I can honestly say I never thought I'd live in Formby.
It's a great place, with a beautiful sandy beach, sweeping sand dunes, pine forests and grasslands. Perfect for a day out in the sun.
But after spending almost 30 years in my beloved South Liverpool, I figured that's where I would stay - until I met my now-husband.
The swap from Aigburth for Formby definitely took some getting used to, and there are a lot of things I miss about where I spent most of my years so far.
Formby has a lot of plus points too, though. Having a beach on your doorstep definitely takes some beating.
Here are some of the things I've learned since moving here:
Comment below with your favourite things about Formby
15. There's no Aldi
I love a trip to Aldi - who doesn't love a bargain?
The food is affordable, it literally sells hot tubs, and you're never far from one. Until you are.
When I lived in Aigburth, there was one a five minute walk from my house. Here I am an astonishing six miles from my nearest Aldi.
There's a Waitrose around the corner, which is fine enough, but it's a little out of my price range.
Formby really is Footballer Land.
Everybody knows footballers and other local celebrities live in Formby, but I didn't realise quite how many - or how down to earth they would be.
Which is all good until you nip the shop with wet hair and no makeup on and bump into Jurgen Klopp.
13. I am miles from a walk-in centre
People living in Formby are some nine miles from their nearest walk-in centre.
With no such facility nearby, it means a trip to Litherland - or Ormskirk, which is even further.
Southport Hospital, which is nearer, does have an A&E department, but children are not able to receive treatment here. The nearest children's A&E facility is also in Ormskirk.
12. So many great pubs
Formby has a number of great pubs and bars.
“The Freshie” on Massams Lane has been in the Good Beer Guide for a few years now - as well as being the runner-up in the national Camra Pub of the Year Award
There are also a number of cracking independents which serve local beers, making for a great little pub crawl.
11. The centre is not near the train station
Most places you visit, you get off the train and you're in the midst of it all, or at least can see whatever "it all" is.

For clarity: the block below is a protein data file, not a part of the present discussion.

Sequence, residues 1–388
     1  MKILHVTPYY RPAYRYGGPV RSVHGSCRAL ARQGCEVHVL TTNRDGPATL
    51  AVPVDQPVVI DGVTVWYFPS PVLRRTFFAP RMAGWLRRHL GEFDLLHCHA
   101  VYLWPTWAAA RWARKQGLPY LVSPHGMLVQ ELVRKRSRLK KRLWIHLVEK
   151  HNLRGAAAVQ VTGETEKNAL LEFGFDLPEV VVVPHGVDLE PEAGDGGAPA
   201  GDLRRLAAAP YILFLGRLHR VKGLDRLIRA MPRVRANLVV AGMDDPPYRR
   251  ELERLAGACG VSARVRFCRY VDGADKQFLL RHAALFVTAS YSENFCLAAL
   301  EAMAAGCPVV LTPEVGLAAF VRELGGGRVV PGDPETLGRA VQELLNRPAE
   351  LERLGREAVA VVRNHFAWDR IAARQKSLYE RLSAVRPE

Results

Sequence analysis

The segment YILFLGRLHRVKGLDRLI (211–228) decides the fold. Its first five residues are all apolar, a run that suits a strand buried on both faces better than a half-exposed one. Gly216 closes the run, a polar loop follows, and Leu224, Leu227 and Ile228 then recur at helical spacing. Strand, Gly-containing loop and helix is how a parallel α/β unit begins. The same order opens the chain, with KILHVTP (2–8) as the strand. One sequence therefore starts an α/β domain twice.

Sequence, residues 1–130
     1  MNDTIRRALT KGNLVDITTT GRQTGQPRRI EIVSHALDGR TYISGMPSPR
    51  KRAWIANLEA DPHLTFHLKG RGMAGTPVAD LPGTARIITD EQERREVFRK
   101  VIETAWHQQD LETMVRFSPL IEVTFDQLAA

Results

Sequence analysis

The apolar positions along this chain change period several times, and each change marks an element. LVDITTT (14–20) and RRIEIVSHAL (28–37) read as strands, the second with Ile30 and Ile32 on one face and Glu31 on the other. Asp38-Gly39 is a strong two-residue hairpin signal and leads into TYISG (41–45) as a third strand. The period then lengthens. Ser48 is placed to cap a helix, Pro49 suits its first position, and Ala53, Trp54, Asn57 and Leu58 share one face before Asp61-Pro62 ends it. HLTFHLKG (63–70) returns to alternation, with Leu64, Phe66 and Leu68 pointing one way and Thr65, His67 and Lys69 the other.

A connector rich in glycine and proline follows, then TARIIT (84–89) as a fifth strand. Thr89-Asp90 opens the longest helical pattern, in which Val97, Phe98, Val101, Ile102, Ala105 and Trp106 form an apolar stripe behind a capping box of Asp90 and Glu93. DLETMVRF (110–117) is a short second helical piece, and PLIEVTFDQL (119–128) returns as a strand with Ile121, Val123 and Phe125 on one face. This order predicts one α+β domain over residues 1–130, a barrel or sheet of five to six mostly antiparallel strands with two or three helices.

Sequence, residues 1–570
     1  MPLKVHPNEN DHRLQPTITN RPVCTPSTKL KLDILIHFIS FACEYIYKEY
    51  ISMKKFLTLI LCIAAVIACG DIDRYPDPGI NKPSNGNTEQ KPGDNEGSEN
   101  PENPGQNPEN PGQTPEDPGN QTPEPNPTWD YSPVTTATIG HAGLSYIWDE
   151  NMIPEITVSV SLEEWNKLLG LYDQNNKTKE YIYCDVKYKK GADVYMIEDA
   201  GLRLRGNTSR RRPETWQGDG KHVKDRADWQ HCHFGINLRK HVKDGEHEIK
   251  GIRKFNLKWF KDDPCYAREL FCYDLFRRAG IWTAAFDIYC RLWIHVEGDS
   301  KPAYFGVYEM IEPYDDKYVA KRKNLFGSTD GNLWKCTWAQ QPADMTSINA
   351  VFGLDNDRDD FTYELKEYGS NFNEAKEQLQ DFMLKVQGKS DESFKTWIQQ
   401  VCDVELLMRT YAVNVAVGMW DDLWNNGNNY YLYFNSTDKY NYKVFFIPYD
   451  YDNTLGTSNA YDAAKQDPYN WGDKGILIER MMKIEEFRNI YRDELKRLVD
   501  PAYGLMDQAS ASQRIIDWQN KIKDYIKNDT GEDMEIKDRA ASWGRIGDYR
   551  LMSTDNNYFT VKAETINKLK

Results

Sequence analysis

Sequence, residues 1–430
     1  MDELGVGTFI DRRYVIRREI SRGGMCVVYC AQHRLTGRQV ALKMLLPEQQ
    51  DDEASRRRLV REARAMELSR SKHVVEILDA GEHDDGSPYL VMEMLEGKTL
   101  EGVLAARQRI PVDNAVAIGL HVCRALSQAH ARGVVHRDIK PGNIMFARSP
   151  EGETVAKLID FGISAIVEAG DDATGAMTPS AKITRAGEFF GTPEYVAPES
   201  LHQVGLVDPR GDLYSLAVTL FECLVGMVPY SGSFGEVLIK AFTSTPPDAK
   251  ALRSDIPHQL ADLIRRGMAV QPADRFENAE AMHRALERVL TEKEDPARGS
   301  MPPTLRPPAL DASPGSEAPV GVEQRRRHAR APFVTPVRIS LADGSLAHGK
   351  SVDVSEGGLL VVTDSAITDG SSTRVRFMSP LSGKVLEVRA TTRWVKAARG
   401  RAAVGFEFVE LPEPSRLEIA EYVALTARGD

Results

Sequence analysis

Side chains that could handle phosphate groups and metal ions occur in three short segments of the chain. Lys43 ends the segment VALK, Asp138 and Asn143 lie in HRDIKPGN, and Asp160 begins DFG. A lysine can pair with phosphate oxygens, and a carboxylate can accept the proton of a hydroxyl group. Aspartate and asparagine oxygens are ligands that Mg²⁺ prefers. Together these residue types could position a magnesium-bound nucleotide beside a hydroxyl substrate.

When you leave Formby station, you're met with a bridge.
If you don't know where you're headed, you could just as easily end up in the woods as the village.
10. Everyone has a dog
Okay, not everyone, but pretty much everyone I've come to know since moving here has at least one dog.
They love the beach, and there are plenty of dog-friendly shops, pubs and restaurants, too.
There is no Formby accent.
Some people sound Scouse. Some people sound "posh Scouse".
Some people sound like they're from Lancashire, and others almost have no accent at all.
The sense of community is huge. There are plenty of people happy to help you out if you're ever in need.
One such group is Formby Community Football Club (FCFC) - who organised deliveries of food and medicine, made phone calls to the isolated and even cut grass throughout the lockdown.
FCFC was set up in 2019 and has 28 teams offering football to players from age three up to 84.
The club’s vision is that football can be a vehicle for social cohesion and improved health, tackling issues from anti-social behaviour to loneliness.
7. So many beautiful surroundings
Between Formby's beach, pinewoods and green spaces, you're spoilt for choice when it comes to going for a walk.
And it's hardly surprising this means plenty of visitors come here when the weather is nice, leading to...
6. People will park outside your house
Daytrippers come to Formby when the sun shines because we have a beach. This is a solid fact.
Yes, people park outside my house on such days, but it isn't (usually) a problem. It's something to be expected with living near the beach.
5. It's a politically diverse place
Many parts of Merseyside have historically been very pro-Labour, but Formby isn't one of these.
Come election time you're likely to see a mix of support for parties cross the board, which certainly makes things interesting.
4. It's not small
Having only ever really ventured from Freshfield station to the beach prior to a few years ago, I always thought Formby was tiny for some reason.
It's some 2.5 miles across at its widest point. Something I found out the hard way after I offered to drop some books off at various addresses - on foot, in really awful shoes.
This vegetable helped to shape the Formby you see today, according to the National Trust.
It's grown among the sand dunes, and it's absolutely delicious.
There's also an Asparagus Trail where asparagus has been grown in the past and a few plants can still be seen growing.
2. So many big cars
Land Rovers, Range Rovers, and others I don't know the name of.
All of them look like they could swallow my tiny four-seater whole, and they're absolutely everywhere.
These are also commonplace, and even they could probably swallow my tiny car to be honest.